Film History 101 - How Saul Bass Changed The Art Of Opening Credits Forever!

By Srikanth Kanchinadham. Posted on December 21, 2015

There was a time when the movie credits held no importance for the movie or the audience. Initially it was only meant to let everyone know about the cast and crew. This gave time for the audience to settle down. But this changed when Otto Preminger assigned the work of designing titles to an amateur graphic designer named Saul Bass. Little did he know about the abilities of this designer, who would go on to making a name for himself in the history of title designing.

Saul Bass’s first major breakthrough came with the film The Man With The Golden Arm. The opening credits for this film enticed the audience with the weirdness and complexity of its design. The film was about the taboo subject of a musician’s struggle to overcome his heroin addiction. Now, when one looks at the opening credit sequence keeping the subject in mind, it makes so much sense. The use of black and white to depict the bleak nature of the film along with the distorted arm (where the drug is injected) was captivating, as it cleverly hinted at the nature of the film before it even started.

The groundbreaking work by Bass got him the attention of Hitchcock who got him to do the titles for Vertigo. The credit sequence for Vertigo was simple, yet it did the job. This work kick-started the relationship between the two masterminds, as Bass went on to design the titles for other Hitchcock movies as well, out of which Psycho and North By Northwest are classics.For example, the opening credits for Psycho, have the text broken up in black & white bars, signifying the broken psyche of Norman Bates, the murderer.

The use of kinetic typography for the titles was innovative which distinguished Bass from the others.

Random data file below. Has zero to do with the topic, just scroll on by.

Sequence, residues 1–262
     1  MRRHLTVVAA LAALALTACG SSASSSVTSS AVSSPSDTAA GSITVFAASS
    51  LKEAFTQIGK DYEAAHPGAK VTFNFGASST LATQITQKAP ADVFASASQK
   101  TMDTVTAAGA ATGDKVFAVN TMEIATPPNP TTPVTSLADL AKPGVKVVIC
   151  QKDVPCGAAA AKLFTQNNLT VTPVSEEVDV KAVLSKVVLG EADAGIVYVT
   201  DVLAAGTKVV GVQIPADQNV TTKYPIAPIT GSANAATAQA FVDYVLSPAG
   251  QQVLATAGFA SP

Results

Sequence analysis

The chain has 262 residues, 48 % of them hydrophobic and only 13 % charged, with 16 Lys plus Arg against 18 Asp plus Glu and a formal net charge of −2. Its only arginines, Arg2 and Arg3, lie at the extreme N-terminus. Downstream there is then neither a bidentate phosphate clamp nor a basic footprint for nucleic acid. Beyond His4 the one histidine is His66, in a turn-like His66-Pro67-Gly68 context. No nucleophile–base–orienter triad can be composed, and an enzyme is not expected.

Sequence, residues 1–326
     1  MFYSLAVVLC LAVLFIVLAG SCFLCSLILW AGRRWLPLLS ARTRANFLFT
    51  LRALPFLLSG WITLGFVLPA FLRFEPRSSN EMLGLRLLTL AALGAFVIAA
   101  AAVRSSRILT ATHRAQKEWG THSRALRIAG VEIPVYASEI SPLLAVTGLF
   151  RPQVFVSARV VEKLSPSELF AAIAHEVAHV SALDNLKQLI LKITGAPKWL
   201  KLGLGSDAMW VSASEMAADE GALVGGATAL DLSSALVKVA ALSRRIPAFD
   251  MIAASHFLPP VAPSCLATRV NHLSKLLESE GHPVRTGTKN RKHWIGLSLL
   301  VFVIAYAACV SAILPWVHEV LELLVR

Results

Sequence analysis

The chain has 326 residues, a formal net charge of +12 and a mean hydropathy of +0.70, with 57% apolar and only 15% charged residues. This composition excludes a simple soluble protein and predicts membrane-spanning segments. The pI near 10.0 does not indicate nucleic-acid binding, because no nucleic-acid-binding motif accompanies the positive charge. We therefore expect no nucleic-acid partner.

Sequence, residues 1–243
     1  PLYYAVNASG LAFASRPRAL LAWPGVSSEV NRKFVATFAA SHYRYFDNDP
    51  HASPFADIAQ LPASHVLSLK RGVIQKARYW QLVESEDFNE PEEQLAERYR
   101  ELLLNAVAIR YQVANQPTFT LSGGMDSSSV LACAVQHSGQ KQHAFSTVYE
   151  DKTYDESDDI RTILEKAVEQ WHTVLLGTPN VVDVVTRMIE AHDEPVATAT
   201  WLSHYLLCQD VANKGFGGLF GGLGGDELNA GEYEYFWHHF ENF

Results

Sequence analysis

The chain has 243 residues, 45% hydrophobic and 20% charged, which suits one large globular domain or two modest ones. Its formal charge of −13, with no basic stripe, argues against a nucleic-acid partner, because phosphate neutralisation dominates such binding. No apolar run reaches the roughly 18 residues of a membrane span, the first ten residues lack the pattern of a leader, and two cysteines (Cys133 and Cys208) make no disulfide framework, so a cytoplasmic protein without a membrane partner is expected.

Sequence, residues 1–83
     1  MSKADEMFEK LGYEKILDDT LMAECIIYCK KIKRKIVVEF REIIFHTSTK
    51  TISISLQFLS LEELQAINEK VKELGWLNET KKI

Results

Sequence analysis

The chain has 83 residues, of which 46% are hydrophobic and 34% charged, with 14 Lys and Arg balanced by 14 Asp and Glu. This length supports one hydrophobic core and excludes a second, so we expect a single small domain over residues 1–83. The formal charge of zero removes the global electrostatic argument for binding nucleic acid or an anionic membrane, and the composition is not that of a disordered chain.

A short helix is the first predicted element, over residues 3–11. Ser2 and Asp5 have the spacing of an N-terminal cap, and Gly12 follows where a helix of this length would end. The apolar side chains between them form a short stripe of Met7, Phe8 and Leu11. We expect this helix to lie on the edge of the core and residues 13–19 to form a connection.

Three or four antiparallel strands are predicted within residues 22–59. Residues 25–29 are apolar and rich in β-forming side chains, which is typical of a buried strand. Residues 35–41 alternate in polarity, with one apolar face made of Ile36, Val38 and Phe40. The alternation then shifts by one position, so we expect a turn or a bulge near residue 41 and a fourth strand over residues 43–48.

This motif by Bass was well summed up by these words: “For the average audience, the credits tell them there’s only three minutes left to eat popcorn. I take this ‘dead’ period and try to do more than simply get rid of names that filmgoers aren’t interested in. I aim to set up the audience for what’s coming; make them expectant.”

His designs for It’s a Mad, Mad, Mad, Mad World, Bunny Lake is Missing and Grand Prix established Bass as the pre-eminent opening credit artist of his age. He also designed the logos for many brands while introducing new forms of posters for movies. He finally moved from the job of designing titles in the mid 60’s when Bass got married and also claimed to be bored of it.

It was not until the late 80’s, that Bass came back, as filmmakers like James L. Brooks and Martin Scorsese who had grown up admiring his work, got him to work on their films. Collaborating with his wife Elaine, Bass once again went on to design exceptional titles for Scorsese’s classics like Cape Fear, Goodfellas and Casino. The latter stages of his work saw the use of computerized effects rather than his signature optical techniques.

Modern day designers acknowledge the influence of his legacy on the field. A very notable example that pays homage to Bass’s graphic and animated sequences is that of Catch Me If You Can. His works have spanned through decades, creating designs that visually communicated the key elements of the film.

Do check this website to have a look at Saul Bass's work.


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